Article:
Romeo and Juliet
Act 2, Prologue
The CHORUS enters.
Now old desire doth in his deathbed lie,
And young affection gapes to be his heir.
That fair for which love groaned for and would die
With tender Juliet matched, is now not fair.
Now Romeo is beloved and loves again,
Alike bewitchèd by the charm of looks,
But to his foe supposed he must complain,
And she steal love’s sweet bait from fearful hooks.
Being held a foe, he may not have access
To breathe such vows as lovers use to swear.
And she as much in love, her means much less
To meet her new beloved anywhere.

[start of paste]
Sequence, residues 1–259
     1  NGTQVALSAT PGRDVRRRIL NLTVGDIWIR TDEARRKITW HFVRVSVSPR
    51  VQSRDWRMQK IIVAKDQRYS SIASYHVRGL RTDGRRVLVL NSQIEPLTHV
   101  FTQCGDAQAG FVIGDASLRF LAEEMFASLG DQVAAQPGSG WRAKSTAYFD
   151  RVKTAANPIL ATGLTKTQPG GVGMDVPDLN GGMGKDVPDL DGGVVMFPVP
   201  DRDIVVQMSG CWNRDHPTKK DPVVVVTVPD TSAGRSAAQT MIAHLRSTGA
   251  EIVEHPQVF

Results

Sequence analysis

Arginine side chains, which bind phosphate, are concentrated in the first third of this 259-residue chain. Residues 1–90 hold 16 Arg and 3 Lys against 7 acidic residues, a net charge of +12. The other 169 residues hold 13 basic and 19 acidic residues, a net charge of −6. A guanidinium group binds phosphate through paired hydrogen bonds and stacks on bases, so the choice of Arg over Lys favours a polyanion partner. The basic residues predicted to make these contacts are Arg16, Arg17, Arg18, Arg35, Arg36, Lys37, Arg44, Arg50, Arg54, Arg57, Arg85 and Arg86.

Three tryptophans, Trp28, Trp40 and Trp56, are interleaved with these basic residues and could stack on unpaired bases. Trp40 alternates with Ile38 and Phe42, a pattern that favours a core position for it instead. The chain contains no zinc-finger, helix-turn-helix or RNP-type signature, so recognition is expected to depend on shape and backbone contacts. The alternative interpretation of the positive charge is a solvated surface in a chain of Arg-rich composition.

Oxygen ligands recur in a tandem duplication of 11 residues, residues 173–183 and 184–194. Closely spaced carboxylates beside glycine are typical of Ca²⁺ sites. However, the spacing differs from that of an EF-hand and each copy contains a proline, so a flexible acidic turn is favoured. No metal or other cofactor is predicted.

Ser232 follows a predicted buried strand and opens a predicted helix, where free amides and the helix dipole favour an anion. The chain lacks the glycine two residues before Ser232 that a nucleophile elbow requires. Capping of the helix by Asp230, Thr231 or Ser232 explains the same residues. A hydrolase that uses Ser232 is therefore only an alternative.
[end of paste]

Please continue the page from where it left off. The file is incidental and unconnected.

But passion lends them power, time means, to meet,
Tempering extremities with extreme sweet.
Now Romeo’s old feelings of desire are dying, and a new desire is eager to take their place. Romeo groaned for the beautiful Rosaline and said he would die for her, but compared with tender Juliet, Rosaline doesn’t seem beautiful now. Now someone loves Romeo, and he’s in love again—both of them falling for each others' good looks. But he has to make his speeches of love to a woman who’s supposed to be his enemy. And she’s been hooked by someone she should fear. Because he’s an enemy, Romeo has no chance to see Juliet and say the things a lover normally says. And Juliet’s just as much in love as he, but she has even less opportunity to meet her lover. But love gives them power, and time gives them the chance to meet, sweetening the extreme danger with intense pleasure.
The CHORUS exits.